Years ago, a friend recommended a book to me which sounded both absurd and boring — one that chronicled the development and history of The Oxford English Dictionary in vivid detail. It turned out to be one of the most interesting books I’d read that year — but it also prompted an interest in understanding where things come from, even piquing a curiosity that pierced my own theological framework. In my own studies, I was brought back, time and again, to the Person of Jesus. And after a while, His name.
The Bible, vast in its magnitude, unveils a lot of detail that is important to many of the stories we cherish, weaving together the Old and New Testaments and exhibiting the salvific plan that God has for His people. So, to grasp the significance of Jesus’ name, a good place to begin is in the Old Testament — the book of Numbers, to be exact.
At this point in the story, Moses had been raised up to lead God’s people, the Israelites, out of Egypt with his brother and sister by his side (Micah 6:4). Having been delivered from slavery, they are taken to the Promised Land — but not before conflict runs through the people. Eventually, they reach the precipice of the Promised Land, where spies from their camp are being gathered to investigate this new land, Canaan. Counted among them are Moses’ right hand man, the one who would take over as a leader after he passed — Joshua.
But his name was not Joshua — at least not yet. Numbers 13:16 reveals his name is originally Hoshea. It’s important to remember, when it comes to names in the Bible, many of them reveal important characteristics, often about God, and this case is no different. The Hebrew name Hoshea connotes something like, He will save — and though it implies the person who will save is God, the term is not as specific as the name Joshua. Derived from the same root, Joshua’s name contains the abbreviation for God’s revealed name in the Old Testament, changing it from He will save to God will save. (It’s worth noting that the abbreviated form comes from the personal name of God and there are a few other meanings the name may carry.) The God of Abraham, Isaac, and Jacob who has also revealed Himself to Moses is also the God who saves His people.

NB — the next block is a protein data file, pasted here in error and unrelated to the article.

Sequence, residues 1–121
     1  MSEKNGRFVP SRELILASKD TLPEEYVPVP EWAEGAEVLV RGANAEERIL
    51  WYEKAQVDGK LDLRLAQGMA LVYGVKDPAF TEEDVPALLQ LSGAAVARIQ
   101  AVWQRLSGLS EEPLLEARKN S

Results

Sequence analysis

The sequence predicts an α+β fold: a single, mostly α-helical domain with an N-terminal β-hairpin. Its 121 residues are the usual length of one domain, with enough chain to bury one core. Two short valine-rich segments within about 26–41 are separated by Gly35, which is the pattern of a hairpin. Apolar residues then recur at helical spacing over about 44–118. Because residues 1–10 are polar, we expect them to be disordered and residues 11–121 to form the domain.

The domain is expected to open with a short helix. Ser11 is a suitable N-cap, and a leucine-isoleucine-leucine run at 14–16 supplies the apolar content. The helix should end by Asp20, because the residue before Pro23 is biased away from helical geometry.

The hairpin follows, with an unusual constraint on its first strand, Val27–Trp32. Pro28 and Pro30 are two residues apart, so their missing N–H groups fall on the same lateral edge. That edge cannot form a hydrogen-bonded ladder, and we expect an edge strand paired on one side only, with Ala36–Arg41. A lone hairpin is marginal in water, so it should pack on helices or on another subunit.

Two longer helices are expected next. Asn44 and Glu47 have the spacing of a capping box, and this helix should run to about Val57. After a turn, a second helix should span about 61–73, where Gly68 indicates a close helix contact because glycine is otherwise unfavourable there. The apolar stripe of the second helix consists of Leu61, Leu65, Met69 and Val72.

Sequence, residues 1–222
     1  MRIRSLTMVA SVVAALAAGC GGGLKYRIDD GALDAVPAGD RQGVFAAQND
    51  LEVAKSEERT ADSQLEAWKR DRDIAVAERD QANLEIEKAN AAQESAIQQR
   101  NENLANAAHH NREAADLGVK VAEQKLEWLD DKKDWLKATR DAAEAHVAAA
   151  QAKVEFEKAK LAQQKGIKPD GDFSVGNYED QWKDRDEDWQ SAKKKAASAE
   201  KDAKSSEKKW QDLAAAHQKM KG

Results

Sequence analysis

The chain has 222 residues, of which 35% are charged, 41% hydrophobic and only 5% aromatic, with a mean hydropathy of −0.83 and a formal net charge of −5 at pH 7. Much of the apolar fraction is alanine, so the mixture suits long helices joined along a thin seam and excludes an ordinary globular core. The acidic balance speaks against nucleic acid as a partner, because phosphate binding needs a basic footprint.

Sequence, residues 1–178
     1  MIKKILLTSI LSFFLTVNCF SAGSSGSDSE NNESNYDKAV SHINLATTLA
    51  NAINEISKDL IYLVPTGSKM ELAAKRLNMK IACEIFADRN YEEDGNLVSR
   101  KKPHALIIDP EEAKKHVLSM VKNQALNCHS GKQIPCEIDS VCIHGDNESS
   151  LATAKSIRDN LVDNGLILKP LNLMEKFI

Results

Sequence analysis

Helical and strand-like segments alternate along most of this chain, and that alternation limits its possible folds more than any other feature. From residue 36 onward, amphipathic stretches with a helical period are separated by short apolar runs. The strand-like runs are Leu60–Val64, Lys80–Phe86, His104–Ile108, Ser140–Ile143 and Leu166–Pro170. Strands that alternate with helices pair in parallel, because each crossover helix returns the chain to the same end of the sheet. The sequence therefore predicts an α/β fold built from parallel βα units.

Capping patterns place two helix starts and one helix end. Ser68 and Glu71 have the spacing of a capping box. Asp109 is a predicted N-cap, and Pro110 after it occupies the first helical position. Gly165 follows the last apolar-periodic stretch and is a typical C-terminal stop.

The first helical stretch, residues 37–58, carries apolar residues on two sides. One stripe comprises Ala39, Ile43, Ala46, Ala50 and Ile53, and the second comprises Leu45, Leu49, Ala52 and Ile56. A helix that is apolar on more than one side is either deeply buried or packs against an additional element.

It’s important to remember, when it comes to names in the Bible, many of them reveal important characteristics, often about God, and this case is no different
That name would be common for a time, and while the exact etymology of Jesus’ name is disputed, it is hard not to see a connection with the name Joshua, or more accurately, the intimation God will save found in Jesus’s name. No truer thing could be said. In His Person, we have an immediate connection to God’s work in the Old Testament, as well as a reminder of the future work too. God has saved and is saving now. Only, now, this is found in the Person and work of Jesus.
There are many things this can tell us about God’s interaction in the world, but there are two aspects of why it matters to the Christian life I want to discuss. First, God is actively working. Though it seems a rather quaint or simple statement, He has, time and again, been doing so for His people, whom He loves and cares for. This is found in His character and Scripture illustrates how He is participating in the world. Forgiving, bringing healing and peace — it is easy to feel isolated or as if there is no rhyme or reason to what happens, but even when we cannot see or understand it, it is not the case. He is for us.
Therefore, this second point is also immensely important. We may not have the full picture of what God is doing in the world and that’s okay. Scripture drips with mystery. And though we can read many stories in one sitting, those who lived them and were asked to trust did not have the benefit of knowing how their stories would end. It does not mean things will be easy — indeed, they will most certainly not be so. But confessing God is for us allows us to embrace the unknown, however hard it may be.
There are times it will seem impossible; there are times when it will be. Yet, knowing the story has not come to an end helps us to press on, even in the hardest of times. It is good to acknowledge that we are not alone, and while we do not have the full picture yet, we can believe our God is on our side. History is a long endeavour and so we trust. Being aware of this allows us to live these unbearable moments together and to walk through the uncertainty with hope.
The Person of Christ is the One to whom we belong. We may not understand it, but we can remember His name bears witness to the salvific work of God in the world. That which was begun in the Old Testament carries forth into the New and the world today, not leaving us alone. And so, we remember, knowing our God is for us, and we trust, knowing He will carry us home from our days in this weary world.
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